Honda Japan plant shuts for a day following cyber attack


Honda Japan plant shuts for a day following cyber attack

Ransomware attack resurfaces as Honda shuts its Sayama plant for a day

The same WannaCry ransomware that attacked the NHS and other UK organisations brought Honda’s Sayama plant to a standstill this week.

The brand closed its plant for a day, reports Reuters, after the malware was found in its computers; Renault and Nissan were previously affected by the software when it came to the fore earlier this year.

Honda’s Sayama plant, which deals with the production of the Accord, Odyssey and Stepwgn, was shut in total for one day as Honda dealt with the issue internally.

The WannaCry software steals and encrypts files and documents, before demanding a fee of $300 (around £230) to de-crypt them. In total, around 75,000 systems in 99 countries are believed to have been affected; the majority of these were attacked during the same week in May.

Mike Ahmadi, global director of critical systems security at Synopsys, said: «A plant shutdown can cost millions of dollars per day in lost production and, in any event, is likely to far exceed the cost of the ransom. Attackers are likely to apply risk management techniques to their attacks going forward that will serve to help them get the most return for each attack.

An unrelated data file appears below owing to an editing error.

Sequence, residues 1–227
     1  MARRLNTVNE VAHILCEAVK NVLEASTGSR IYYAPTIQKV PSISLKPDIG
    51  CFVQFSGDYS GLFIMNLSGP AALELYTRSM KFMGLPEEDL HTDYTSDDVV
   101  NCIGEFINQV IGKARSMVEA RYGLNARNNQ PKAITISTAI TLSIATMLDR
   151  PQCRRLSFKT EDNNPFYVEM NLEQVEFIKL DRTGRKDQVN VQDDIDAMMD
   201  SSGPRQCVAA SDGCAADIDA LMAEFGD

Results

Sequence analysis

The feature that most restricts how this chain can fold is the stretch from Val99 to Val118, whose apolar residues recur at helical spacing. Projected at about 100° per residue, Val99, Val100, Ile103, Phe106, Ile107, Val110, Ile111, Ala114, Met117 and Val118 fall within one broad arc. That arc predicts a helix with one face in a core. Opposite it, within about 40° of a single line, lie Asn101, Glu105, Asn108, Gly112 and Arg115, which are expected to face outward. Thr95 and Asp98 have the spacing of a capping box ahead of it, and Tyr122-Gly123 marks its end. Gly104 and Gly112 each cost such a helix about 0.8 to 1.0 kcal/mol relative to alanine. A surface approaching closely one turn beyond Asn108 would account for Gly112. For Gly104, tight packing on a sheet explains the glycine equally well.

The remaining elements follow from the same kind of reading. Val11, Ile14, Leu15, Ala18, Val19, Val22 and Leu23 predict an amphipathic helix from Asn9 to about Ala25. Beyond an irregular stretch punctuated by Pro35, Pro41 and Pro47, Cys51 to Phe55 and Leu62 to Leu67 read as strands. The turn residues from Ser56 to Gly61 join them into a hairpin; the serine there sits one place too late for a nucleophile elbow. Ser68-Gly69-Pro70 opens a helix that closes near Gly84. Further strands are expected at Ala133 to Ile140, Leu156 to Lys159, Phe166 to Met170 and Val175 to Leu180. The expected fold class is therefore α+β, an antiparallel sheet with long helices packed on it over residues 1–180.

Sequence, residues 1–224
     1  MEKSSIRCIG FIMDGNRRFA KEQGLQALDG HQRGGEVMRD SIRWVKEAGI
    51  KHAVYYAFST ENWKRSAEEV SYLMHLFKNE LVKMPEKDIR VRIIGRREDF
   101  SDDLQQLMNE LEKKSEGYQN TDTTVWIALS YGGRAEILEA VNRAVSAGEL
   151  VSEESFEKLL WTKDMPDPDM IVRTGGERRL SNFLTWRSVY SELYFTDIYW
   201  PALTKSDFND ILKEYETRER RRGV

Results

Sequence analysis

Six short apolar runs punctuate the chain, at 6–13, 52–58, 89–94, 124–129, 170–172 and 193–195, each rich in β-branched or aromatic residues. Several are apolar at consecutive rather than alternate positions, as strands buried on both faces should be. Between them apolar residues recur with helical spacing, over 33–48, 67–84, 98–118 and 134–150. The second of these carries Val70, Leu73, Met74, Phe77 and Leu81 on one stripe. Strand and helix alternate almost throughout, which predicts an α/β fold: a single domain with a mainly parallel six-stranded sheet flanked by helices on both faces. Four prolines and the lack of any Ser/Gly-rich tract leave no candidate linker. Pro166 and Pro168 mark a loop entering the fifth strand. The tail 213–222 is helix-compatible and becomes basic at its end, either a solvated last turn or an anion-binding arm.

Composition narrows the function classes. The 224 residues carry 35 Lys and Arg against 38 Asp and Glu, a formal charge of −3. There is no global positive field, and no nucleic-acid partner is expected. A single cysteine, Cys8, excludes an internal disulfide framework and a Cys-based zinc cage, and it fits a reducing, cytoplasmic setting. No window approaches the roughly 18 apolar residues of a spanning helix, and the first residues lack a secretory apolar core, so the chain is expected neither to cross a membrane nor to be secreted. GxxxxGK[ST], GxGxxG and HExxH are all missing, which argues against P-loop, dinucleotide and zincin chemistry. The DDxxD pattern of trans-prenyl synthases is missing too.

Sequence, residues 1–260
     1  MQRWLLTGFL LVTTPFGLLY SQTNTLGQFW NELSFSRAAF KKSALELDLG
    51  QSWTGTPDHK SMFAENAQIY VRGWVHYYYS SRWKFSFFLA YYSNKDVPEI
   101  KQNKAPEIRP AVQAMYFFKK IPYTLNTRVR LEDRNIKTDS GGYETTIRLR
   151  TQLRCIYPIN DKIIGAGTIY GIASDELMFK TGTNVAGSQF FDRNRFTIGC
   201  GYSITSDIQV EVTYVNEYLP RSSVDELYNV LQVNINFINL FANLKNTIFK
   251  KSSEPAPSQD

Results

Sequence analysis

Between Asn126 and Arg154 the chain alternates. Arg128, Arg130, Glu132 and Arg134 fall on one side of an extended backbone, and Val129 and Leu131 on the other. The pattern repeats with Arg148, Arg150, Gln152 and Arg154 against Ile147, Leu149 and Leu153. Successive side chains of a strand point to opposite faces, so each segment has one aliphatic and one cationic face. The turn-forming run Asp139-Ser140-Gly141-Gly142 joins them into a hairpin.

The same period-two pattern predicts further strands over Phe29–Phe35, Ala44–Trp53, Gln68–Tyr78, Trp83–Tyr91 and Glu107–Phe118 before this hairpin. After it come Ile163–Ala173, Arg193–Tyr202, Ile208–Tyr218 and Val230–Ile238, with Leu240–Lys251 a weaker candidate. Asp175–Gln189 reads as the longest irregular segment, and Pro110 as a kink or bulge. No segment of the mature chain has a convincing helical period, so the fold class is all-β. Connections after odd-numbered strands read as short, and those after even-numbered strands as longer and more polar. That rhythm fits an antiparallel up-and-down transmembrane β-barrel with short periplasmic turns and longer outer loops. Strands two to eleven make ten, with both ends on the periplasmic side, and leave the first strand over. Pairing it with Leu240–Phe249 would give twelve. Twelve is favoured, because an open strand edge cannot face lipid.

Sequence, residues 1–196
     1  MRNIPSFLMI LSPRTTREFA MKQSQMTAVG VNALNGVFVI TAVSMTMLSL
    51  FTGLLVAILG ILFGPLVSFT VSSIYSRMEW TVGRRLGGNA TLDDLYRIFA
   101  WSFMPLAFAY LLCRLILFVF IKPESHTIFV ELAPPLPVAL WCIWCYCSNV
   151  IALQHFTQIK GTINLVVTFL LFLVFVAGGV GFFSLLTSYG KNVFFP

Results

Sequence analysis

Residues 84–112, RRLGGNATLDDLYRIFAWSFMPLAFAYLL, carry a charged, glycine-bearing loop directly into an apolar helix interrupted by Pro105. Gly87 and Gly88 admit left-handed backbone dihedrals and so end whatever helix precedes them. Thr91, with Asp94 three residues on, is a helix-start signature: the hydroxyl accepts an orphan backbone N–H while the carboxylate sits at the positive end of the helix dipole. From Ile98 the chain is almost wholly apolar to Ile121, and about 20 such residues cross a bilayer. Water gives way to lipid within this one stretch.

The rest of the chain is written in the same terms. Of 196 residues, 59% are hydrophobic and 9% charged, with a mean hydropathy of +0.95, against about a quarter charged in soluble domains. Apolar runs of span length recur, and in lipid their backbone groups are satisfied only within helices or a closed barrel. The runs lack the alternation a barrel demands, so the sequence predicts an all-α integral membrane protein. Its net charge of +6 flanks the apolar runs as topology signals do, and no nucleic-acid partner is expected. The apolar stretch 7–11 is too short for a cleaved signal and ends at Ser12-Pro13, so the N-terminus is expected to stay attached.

“I am not saying this is what happened here, but once attacks become financially motivated, this becomes more likely. Organisations need to prepare accordingly.»

A Honda UK spokesman said: «In the evening on Sunday 18th June, Honda discovered that the computer systems in several plants across the world were affected by the ransomware virus Wannacry. As a results, production of Sayama Automobile Plant in Japan were affected by approximate 1000 units. The recovery work was undertaken immediately, and the production at Sayama has resumed in the morning on 20 June. At this moment, there is no further impact confirmed, but we will continue to monitor the situation and take every step to further strengthen the security of our systems.”

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Source:: Autocar